Rheumatologists now have another treatment option to offer their patients with one of, if not the most, difficult autoimmune diseases to treat. New data add to the growing evidence of the safety and benefit of stem cell transplantation for patients with systemic sclerosis with internal organ involvement.
Explore this issueJune 2017
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New results of the Scleroderma: Cyclophosphamide or Transplantation (SCOT) trial show that patients with systemic sclerosis with lung involvement who underwent myeloablative autologous hematopoietic stem cell transplantation (HSCT) had superior long-term outcomes compared with patients treated with monthly intravenous cyclophosphamide (CYC).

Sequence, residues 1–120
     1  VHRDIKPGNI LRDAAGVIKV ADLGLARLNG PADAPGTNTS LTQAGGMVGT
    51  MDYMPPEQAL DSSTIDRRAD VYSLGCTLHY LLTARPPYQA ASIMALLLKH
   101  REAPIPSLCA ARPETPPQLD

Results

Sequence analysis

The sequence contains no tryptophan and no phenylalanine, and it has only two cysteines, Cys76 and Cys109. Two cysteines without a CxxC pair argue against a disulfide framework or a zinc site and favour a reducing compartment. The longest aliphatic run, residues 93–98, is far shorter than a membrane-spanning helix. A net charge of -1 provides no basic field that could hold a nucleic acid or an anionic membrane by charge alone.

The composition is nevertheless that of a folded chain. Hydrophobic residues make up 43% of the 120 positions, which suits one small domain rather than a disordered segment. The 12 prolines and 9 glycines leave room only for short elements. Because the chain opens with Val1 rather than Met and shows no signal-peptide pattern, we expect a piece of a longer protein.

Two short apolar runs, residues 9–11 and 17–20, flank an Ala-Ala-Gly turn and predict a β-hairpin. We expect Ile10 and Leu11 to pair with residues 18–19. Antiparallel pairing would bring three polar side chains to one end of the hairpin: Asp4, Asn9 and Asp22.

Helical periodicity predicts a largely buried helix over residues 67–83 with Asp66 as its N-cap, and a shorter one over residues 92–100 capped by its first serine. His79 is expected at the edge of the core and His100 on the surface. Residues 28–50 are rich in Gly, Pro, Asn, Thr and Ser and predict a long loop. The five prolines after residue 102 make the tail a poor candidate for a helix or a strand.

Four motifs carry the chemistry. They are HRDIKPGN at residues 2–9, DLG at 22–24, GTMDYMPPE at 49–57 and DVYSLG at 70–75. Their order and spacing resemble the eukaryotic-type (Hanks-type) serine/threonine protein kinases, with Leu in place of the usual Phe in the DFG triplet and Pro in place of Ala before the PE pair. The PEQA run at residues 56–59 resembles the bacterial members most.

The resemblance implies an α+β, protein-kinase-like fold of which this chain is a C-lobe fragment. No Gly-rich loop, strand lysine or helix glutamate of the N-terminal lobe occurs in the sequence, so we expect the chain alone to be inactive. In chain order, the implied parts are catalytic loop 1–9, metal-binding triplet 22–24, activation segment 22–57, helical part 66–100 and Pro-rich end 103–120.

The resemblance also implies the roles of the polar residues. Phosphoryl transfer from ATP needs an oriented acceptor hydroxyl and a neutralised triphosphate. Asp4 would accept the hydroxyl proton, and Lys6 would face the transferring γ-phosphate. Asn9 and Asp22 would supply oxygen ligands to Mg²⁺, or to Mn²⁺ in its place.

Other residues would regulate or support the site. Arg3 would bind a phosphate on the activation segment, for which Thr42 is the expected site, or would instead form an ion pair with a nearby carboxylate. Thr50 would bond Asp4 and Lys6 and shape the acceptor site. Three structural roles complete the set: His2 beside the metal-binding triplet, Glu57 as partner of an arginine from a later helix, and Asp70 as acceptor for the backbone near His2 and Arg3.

Reporting on the results of the trial at the 2016 ACR/ARHP Annual Meeting, Keith Sullivan, MD, James B. Wyngaarden Professor of Medicine in the Division of Cellular Therapy, Duke University Medical Center, Durham, N.C., says the results suggest it’s time to consider this treatment approach for select patients with systemic sclerosis with early, severe internal organ involvement.1